GLP Financial Group will begin moving employees to an office in downtown Farmington on Tuesday, Aug. 11. But not into the historic bank building -- yet.
When GLP Financial first announced the purchase of the historic Farmington State Bank Building in January 2020, the news traveled far beyond the intersection of Grand River Avenue and Farmington Road. The bank was built there in 1921.
It’s a bold move for a company, one that can boost public image, attract talent, and change the fortune of a traditional downtown like Farmington’s.
As phase one of demolition has been completed, phase two begins next week. While GLP Financial plans to restore the building’s exterior to its 1920s origins, interior renovations will beget a more modern workplace. Walls and even whole floors are being gutted for an open feel.
When the project was first announced, the company had set a target date of January 2021 for completion. COVID-19 has since pushed that back to March or April of that year.
While their new home won’t be ready until next spring, GLP Financial is currently preparing to move its employees to downtown Farmington not in 2021 but on Tuesday of next week.
The lease on their longtime home in Farmington Hills is coming to an end so the company has leased the old Rocking Horse space in downtown Farmington, relocating employees there until work on the old bank building is complete.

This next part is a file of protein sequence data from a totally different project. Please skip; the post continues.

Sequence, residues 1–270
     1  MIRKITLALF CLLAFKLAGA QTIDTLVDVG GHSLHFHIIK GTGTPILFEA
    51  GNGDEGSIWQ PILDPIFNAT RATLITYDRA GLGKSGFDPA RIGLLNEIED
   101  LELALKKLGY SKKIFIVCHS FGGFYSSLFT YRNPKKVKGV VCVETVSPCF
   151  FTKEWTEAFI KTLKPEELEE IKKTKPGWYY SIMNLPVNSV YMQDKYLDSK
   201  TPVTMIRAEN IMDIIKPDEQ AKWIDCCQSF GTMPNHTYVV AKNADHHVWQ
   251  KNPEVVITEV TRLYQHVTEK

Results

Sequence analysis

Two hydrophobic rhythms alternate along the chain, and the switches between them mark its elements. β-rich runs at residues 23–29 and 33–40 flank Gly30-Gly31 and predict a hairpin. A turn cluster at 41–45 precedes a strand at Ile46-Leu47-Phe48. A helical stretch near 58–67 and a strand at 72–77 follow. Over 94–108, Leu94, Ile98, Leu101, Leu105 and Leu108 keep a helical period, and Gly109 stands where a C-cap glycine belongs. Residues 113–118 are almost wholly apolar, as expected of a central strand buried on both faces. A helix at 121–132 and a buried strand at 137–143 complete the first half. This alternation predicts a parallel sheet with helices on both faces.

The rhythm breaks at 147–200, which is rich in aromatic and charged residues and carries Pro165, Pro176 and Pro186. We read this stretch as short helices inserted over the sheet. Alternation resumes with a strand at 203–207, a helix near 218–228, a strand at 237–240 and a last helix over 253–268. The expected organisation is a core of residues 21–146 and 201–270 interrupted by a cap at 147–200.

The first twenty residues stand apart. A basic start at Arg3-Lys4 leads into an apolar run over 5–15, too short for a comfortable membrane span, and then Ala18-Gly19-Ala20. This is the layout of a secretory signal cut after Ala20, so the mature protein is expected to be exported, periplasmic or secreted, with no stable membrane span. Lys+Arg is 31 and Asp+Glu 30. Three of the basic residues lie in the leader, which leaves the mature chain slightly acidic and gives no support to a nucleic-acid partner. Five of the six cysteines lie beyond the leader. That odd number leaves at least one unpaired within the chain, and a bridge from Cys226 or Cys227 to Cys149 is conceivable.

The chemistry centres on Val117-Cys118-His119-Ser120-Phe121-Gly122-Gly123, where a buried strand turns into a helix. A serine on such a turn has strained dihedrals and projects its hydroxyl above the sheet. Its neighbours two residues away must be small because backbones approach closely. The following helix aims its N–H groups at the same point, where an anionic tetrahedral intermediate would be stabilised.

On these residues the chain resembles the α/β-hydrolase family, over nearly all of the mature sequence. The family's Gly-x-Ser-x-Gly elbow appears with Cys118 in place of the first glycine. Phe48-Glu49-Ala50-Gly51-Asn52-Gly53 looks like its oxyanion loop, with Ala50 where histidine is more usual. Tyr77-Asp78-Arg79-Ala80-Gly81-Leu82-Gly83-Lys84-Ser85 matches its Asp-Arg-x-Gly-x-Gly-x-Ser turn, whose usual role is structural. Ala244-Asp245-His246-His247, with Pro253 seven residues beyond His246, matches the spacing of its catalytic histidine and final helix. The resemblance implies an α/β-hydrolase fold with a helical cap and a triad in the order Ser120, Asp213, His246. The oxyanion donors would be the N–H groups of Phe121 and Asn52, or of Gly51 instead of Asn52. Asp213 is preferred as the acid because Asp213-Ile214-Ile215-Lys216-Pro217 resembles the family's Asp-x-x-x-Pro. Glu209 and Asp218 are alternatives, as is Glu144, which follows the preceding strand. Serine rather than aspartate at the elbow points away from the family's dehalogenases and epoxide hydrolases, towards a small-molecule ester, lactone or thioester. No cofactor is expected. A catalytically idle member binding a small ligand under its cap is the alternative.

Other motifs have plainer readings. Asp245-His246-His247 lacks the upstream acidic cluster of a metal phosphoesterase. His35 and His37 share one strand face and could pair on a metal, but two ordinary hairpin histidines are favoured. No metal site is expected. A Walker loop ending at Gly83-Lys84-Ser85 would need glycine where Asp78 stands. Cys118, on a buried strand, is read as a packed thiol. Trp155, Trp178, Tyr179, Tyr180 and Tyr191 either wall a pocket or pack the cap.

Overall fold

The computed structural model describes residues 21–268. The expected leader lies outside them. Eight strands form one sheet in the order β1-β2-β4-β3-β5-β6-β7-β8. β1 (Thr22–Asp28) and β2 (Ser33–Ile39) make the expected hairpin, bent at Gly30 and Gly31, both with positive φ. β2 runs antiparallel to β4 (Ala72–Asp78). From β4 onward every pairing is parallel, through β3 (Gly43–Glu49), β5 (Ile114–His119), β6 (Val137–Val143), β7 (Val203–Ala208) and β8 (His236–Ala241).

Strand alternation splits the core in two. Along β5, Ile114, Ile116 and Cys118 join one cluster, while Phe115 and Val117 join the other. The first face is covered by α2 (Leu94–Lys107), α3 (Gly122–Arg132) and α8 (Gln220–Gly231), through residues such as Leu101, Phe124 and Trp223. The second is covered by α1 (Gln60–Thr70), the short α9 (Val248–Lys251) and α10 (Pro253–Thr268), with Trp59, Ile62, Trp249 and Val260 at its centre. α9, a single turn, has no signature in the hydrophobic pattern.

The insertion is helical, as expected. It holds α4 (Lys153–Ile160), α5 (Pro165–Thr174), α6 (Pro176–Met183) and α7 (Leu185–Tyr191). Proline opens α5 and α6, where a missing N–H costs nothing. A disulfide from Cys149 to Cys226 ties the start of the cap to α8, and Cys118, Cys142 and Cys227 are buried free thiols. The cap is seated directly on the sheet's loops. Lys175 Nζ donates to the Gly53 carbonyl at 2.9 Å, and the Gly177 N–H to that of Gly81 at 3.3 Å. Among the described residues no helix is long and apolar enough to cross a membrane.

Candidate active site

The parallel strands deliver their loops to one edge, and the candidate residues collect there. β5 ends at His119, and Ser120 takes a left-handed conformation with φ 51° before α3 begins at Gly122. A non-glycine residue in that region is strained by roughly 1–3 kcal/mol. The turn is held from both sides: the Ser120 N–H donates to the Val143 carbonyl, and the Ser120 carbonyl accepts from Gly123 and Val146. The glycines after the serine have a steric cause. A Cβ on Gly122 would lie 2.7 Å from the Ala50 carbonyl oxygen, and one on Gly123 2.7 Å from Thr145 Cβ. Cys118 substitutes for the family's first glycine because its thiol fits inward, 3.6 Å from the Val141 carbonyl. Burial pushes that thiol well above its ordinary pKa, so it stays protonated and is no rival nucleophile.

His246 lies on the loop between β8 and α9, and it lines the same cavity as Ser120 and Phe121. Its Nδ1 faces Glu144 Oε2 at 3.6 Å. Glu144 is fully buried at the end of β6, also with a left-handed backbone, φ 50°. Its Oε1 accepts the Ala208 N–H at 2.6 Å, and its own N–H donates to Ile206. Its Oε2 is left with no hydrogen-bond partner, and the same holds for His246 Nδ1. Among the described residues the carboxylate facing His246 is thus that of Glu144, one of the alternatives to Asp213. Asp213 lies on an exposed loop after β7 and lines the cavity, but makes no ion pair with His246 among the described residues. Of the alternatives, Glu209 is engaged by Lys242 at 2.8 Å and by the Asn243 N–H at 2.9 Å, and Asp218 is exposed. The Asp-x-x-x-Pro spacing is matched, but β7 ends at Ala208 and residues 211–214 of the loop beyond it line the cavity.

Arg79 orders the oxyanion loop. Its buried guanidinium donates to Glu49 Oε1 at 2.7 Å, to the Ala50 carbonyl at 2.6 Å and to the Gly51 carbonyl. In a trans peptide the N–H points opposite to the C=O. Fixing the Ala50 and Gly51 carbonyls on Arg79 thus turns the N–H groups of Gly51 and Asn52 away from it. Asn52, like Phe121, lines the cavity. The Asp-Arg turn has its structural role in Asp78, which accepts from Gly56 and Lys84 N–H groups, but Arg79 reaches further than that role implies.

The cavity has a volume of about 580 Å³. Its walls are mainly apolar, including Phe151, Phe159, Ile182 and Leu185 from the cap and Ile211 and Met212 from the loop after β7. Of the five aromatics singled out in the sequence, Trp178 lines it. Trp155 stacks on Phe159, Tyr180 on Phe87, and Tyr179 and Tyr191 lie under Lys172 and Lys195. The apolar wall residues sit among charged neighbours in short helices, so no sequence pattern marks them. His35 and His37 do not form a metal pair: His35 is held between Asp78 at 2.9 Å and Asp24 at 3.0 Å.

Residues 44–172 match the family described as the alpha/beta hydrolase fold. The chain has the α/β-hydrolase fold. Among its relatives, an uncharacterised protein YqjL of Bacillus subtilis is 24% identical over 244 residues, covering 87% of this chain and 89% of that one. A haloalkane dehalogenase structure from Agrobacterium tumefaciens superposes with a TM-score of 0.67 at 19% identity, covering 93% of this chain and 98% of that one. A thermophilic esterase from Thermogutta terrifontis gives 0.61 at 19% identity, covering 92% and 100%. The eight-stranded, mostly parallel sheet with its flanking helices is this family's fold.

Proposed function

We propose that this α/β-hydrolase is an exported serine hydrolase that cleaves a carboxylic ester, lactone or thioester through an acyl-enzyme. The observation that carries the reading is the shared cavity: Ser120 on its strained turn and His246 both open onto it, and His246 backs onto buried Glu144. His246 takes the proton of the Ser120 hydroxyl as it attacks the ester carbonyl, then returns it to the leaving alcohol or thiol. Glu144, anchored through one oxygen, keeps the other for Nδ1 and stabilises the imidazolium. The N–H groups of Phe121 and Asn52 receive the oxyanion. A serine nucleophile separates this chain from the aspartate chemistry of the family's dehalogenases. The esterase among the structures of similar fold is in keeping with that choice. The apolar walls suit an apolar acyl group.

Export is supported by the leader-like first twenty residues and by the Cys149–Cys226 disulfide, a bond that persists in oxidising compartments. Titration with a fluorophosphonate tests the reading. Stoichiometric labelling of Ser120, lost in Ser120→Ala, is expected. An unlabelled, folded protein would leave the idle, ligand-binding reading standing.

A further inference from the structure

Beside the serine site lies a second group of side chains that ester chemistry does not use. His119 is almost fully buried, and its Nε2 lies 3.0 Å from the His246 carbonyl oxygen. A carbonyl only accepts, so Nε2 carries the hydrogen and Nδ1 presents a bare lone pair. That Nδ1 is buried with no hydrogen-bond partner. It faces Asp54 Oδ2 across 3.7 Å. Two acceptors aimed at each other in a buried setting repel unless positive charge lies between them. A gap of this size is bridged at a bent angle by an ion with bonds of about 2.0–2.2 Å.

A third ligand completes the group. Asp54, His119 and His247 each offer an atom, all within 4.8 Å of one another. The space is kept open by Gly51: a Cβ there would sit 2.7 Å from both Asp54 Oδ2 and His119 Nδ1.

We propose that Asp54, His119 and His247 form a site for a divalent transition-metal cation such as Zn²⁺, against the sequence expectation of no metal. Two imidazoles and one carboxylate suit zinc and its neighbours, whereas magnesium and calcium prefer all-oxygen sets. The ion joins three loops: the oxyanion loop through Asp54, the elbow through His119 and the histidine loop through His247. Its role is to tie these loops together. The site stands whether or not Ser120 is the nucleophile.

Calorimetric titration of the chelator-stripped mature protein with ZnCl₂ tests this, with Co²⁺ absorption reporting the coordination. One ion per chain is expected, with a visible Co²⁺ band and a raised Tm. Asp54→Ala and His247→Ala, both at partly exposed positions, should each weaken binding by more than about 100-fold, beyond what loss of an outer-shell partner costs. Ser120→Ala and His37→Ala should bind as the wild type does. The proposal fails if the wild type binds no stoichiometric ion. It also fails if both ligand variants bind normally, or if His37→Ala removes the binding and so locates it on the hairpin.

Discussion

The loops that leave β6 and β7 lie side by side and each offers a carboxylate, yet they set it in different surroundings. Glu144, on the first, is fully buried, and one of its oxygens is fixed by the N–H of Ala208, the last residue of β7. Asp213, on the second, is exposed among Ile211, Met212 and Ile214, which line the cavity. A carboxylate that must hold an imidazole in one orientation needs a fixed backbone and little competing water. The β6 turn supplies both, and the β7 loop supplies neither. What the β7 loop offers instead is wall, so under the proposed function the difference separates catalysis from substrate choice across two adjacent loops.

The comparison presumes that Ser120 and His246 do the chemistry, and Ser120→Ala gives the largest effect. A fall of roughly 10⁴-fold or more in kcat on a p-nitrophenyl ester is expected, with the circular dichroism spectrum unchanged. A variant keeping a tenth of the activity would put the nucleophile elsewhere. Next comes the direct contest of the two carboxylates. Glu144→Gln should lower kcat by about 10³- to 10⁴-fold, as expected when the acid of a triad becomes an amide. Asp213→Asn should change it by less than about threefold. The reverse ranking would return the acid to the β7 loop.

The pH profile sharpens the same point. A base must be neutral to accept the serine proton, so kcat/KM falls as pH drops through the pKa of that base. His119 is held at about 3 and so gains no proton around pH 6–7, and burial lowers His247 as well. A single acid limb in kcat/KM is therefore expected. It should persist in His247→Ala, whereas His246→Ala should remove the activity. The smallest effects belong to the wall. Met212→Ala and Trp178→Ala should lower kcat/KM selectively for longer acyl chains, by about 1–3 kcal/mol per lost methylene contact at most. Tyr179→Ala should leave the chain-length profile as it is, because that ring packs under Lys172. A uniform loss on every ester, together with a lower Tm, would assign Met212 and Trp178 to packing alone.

That should be good news for downtown Farmington businesses looking for a lift during the coronavirus-related economic downturn.
"Everybody here is very excited," says Alex Kocoves, CEO of GLP Financial Group.
"There’s nothing really around our office at 12 and Halsted. Employees would have to go out and drive to get food. Now we’ll have restaurants right on the street. And in the future, we’ll have restaurants right in our building."
GLP Financial has an internal staff of nearly 30 employees. They also have 150 reps, 80 of which are based in Michigan and visit headquarters often.
Because of COVID-19, the company is rotating employees on a daily basis, with some working from home and some working on-site. Kocoves says that the new Rocking Horse office will never have more than 10 employees working at a time there.
"When you lease space, you work and you go home. But now with owning, it feels like it’s your house. It’s a completely different vibe," Kocoves says.
"Hopefully this elevates Farmington to a whole new level."
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